Gail Nagasako noted that just as public school is not suited for every student's needs, neither is home schooling. It is merely an option, and it is "quite possible" that certain kids who started their first few years in a home school may do better transitioning to a public school.
"There is no cookie-cutter solution for every family," Joei Tyra, a member of the Maui Homeschool Friends group, said. "A lot of parents are afraid to home-school in Hawaii because they feel parents need to be working or that children will be socially isolated, but there are so many people home-schooling on Maui for multiple reasons."
The Maui Homeschool Friends group is a network of more than 100 home-schooling parents who work together to put together field trips, social activities and community outreach opportunities as well as curricula for their students.
Hawaii - and specifically Maui - gives young learners a rich environment where they may explore beautiful landscapes, historical and cultural sites and diverse wildlife, Tyra added.
"Our children can be experiencing physics based on waves and surfing, and science based on the landscape of Haleakala and the indigenous plants and animals there. . . . We are probably better off than anyone else in the country because we have beautiful weather. We don't have to worry about the seasons. There are constantly things going on for energy and water conservation. Philanthropic options are huge, and there's always something to do," Tyra said.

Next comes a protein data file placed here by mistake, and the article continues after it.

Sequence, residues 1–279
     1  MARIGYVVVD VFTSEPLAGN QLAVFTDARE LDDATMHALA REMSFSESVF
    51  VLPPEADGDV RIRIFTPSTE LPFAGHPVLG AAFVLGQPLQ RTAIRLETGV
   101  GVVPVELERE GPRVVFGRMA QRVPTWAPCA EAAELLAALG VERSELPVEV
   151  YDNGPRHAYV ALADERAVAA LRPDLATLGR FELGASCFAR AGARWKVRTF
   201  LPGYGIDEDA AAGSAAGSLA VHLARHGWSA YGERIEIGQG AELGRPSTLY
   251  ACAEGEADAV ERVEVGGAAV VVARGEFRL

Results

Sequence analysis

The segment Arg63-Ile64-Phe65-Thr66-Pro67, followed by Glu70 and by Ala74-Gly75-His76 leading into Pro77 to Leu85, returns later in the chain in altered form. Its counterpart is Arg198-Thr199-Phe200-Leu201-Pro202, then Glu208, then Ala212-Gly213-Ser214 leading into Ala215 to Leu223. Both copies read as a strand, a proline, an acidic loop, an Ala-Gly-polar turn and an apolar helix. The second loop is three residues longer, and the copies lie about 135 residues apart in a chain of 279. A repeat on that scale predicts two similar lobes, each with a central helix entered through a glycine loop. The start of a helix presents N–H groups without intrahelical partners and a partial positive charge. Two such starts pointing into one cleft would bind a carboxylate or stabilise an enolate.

Members of the group and their home-schooled children have in the past taken field trips to the Maui Nui Botanical Gardens as well as excursions in the early hours of the morning to study sea turtle hatchlings and their journey from the beach to the ocean.
"There doesn't need to be a stigma surrounding home schooling anymore," Tyra said. "We're not a bunch of hippies."
For more information, visit the Maui Homeschool Friends Facebook page.
* Eileen Chao can be reached at firstname.lastname@example.org.
* This article includes a correction from the original published on Sunday, August 4, 2013. The story omitted that home-schooled students may opt out of standardized testing if a request is made by a parent and approved by a school principal.
The Maui News regrets the omission.